The International Bank for Reconstruction and Development is funding 15 projects valued at $7.33 billion across various sectors in Egypt. They include social protection, health, nutrition, population, education, environment, food security, and urban development.

Egypt and the World Bank have partnered up to implement several projects, including support to entrepreneurs and SMEs and tackling air pollution and climate change in Greater Cairo and local development in Upper Egypt.



Lebanon Tourism Season Revives Economic Outlook

People are seen at the arrival lounge at Beirut International Airport, Lebanon. (Asharq Al-Awsat)
People are seen at the arrival lounge at Beirut International Airport, Lebanon. (Asharq Al-Awsat)
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Lebanon Tourism Season Revives Economic Outlook

People are seen at the arrival lounge at Beirut International Airport, Lebanon. (Asharq Al-Awsat)
People are seen at the arrival lounge at Beirut International Airport, Lebanon. (Asharq Al-Awsat)

The surge in visitors to Lebanon during Eid al-Adha and high demand for summer concert bookings are boosting hopes for a revival in tourism.

This sector is crucial for reigniting positive economic growth after about nine months of challenging conditions due to the Gaza war and subsequent border clashes between Hezbollah and Israel in southern Lebanon.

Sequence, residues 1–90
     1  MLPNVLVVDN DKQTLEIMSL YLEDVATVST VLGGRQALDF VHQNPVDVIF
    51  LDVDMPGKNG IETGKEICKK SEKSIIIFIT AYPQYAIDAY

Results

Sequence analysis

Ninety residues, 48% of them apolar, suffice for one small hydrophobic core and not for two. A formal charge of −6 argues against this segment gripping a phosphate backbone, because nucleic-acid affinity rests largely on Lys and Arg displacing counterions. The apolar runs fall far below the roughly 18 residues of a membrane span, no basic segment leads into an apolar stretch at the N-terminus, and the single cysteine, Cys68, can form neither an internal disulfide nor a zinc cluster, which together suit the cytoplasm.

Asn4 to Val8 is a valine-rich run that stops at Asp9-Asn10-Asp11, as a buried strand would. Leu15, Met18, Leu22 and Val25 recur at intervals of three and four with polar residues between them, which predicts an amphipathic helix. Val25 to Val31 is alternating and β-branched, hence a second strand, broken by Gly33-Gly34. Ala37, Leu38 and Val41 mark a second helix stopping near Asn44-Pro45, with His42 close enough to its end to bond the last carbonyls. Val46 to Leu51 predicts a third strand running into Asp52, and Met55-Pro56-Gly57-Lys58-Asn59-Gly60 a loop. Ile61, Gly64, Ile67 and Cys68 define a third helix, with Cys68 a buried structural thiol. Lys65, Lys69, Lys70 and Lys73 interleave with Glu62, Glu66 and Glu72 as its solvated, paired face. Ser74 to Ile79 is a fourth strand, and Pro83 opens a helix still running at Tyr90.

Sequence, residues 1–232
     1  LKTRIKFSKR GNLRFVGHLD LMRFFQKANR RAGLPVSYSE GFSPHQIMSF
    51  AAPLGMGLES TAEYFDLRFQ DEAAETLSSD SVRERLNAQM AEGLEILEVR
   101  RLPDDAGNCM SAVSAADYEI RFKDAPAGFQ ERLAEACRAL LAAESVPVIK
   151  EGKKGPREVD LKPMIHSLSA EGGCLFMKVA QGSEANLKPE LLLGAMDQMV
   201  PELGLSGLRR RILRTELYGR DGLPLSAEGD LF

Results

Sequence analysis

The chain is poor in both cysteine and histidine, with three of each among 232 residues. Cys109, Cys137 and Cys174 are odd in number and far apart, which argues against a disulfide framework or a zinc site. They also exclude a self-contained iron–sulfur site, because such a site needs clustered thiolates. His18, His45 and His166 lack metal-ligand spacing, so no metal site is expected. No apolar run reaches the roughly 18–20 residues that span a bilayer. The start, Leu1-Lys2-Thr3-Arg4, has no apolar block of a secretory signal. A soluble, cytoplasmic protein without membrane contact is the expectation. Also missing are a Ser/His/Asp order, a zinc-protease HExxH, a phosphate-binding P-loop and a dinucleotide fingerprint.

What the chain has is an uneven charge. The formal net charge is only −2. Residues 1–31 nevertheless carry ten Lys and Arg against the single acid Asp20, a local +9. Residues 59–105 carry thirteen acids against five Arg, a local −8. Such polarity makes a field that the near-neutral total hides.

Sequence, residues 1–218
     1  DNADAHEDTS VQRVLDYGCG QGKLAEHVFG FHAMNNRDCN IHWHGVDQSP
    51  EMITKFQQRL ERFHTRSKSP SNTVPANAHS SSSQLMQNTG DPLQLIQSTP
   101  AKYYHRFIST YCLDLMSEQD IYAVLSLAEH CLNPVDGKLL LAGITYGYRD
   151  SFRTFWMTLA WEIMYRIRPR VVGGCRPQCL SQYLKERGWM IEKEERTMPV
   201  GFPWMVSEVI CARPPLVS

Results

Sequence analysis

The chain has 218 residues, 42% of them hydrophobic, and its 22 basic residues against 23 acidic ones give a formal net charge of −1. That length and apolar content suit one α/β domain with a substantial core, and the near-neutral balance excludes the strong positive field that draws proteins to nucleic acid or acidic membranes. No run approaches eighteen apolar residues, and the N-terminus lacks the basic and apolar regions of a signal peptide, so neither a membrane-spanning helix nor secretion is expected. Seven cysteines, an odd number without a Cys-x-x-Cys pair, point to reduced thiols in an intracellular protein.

Contrary to earlier fears this month of possible Israeli strikes inside Lebanon, Ali Hamieh, caretaker Minister of Public Works and Transport, reported a daily average of 14,000 arrivals at Beirut’s Rafic Hariri International Airport, with numbers on the rise.

Jean Abboud, President of the Association of Travel and Tourism Agents, confirmed that despite initial concerns, booking rates have bounced back to 90-95% after Israeli threats of a mid-month strike. Most arrivals are Lebanese expatriates and foreign workers.

Before the summer season’s anticipated surge, Lebanon saw a 5.37% decrease in arrivals, with air traffic down by 9.34% and passenger numbers at Beirut International Airport dropping by 6.84% in the first five months of this year, totaling 2.29 million travelers compared to 2.46 million last year.

These declines were linked to the border clashes.

Lebanon’s tourism sector, generating over $5 billion annually in recent years, ranks as the country’s second most vital revenue stream after expatriate remittances, which officially approach $7 billion.

Together, they contribute more than half of Lebanon’s national income, which has dropped sharply from about $55 billion to under $22 billion due to the ongoing financial and currency crises that erupted five years ago.

Despite significant losses during peak tourism seasons like Christmas, Easter, and Eid al-Fitr, a report by Bank Audi indicated that Lebanon’s tourism revenues lost over $1 billion in the first six months of the Gaza conflict, driven by a 24% drop in tourist arrivals.

On average, tourists spend around $3,000 during their stay in Lebanon.